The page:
Setup your tripod so it is balanced and can support the weight of your camera. A timelapse only works if the camera remains steady the entire time, and if anything causes you to stop a time lapse, you'll likely need to start over. If you are using motion equipment, make sure that all pieces are properly attached to your tripod(s) so that the entire system is completely stable and secure. Additionally, inspect all of your cables to make sure that nothing will get caught or tangled as Radian rotates, or as your camera moves along a dolly.

Tip: If you are using a dolly, ensure that it will stay balanced as the camera moves across it. It is possible for the weight of the camera to cause your dolly to shift or fall over as it moves across. To avoid this, move your camera across the rail multiple times prior to beginning the time lapse, or simulate weight at different points along the dolly.

III. Shoot

Determining Interval Settings and Video Length

To determine the final video length, consider the duration of the time lapse and the interval at which to take each photo. 

Since a video is made up of frames, each photo your camera captures will end up representing one frame in your final video. For example: a common frame rate of 30 frames per second (fps) means that each photo you take will be shown for 1/30th of a second when you convert your time-lapse into a video. If you like formulas, this will help you get a better idea of the relationship.

Final Video Length =  # Photos / fps
where  # Photos = time-lapse total duration (in minutes) x Photos per minute (60/ interval (sec.))
So for example, at 24 fps, a 2 hour timelapse duration with 20 second intervals between shutters will result in 360 photos, and a 15 second video.

*Luckily, all Alpine Labs apps do this math for you based on your set interval and total time. 


Slower moving subjects like stars, may require a time-lapse duration of at least 2-3 hours and a long interval (~20-25 seconds), whereas fast-moving clouds or people may only need 30 minutes and a much shorter interval (3-10 seconds).

It’s important to think about the interval so that the movement of elements in your final video is appropriate. If you choose an interval that is too large, you may miss out on some of your elements’ actions and they might end up moving too fast. If the interval is too short, you may be capturing unnecessary photos and take up precious space on your memory card.

Tip: To quickly estimate a reasonable interval, think about your final video length in frames per second, and your final duration in seconds. Two common frame rates are 24 fps and 30 fps, so 10 seconds is about ~ 240-300 frames (photos). If your duration is 1 hour (3600 seconds), and you want a 10 second video, just divide 3600 seconds / 300 frames to end up with a 12 second interval. Again, our app does this calculation for you. 

Camera Settings

Make sure your camera is in manual mode in order to lock all of your camera’s settings. This includes aperture, exposure length, and ISO. If your camera is not in manual mode and is constantly adjusting these parameters, you may end up with a flicker in your final timelapse video. If you’re not sure which manual settings to use, you can put your camera into auto mode to find the proper settings, then use those settings in manual. 

Aperture controls your images’ depth of field. A smaller aperture (higher f number) will produce sharper images and reduce the amount of bokeh (depth of field image blur), which is ideal for landscapes. A larger aperture (lower f number) lets in more light and is better for low light scenes and when the subject is in the foreground.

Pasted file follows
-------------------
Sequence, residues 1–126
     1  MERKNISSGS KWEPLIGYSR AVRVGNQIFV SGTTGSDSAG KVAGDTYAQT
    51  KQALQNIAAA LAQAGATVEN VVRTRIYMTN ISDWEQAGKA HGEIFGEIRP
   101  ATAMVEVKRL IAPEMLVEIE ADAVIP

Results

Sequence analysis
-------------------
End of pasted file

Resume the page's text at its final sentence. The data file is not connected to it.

ISO controls your camera’s sensitivity to light. For most purposes, the lower the ISO the better (100-400). This will reduce noise and keep your images crisp and clear. However, in low light situations, you will have to increase your ISO in order to better capture your subject (1000-5200).

Shutter speed determines how long your shutter stays open, and is indicated by fractions of a second. Longer exposures are good for low light situations, like night shots (~20 seconds), or for blurring moving objects, such as people (~1 sec). Shorter exposures are good for capturing clear, non-blurry shots. The faster the subject, the faster your shutter needs to be in order to achieve clear shots. Keep in mind that your exposure length should never be more than your interval, otherwise your intervalometer will be trying to take the next shot while it's still taking the first.

White balance determines the temperature of your photo. The exact white balance is not very important because this can be easily changed in post. What is important is that your white balance isn’t changing partway through the time lapse. Sunlight normally serves as a good setting. 

Manual Focus - Most cameras have an auto focus capability, which makes focusing easier, but make sure you enable manual focus before starting your timelapse. If your camera is trying to focus for every shot, it will create a “zoom-in zoom-out” effect, and if it is too dark outside, the camera will fail to auto focus, stopping your timelapse. 

Image Quality- RAW will provide the most information for your photos giving you much more flexibility in post to edit the images, however this also results in large file sizes. JPEG offers small file sizes, but will give you less flexibility in post-processing.

Tip: Before beginning your timelapse, take a few test shots to fine tune your settings and see which settings look best.

IV. Compile 

Once you have the images on your memory card, you’ll need to use an application to turn those images into frames of a time-lapse video! Please see our tutorial on compiling your time lapse for more information on this


    Here are some links to some other time-lapsing resources and tutorials that we've found to be especially useful:

    Alpine Labs Product Review 

     Fix the Photo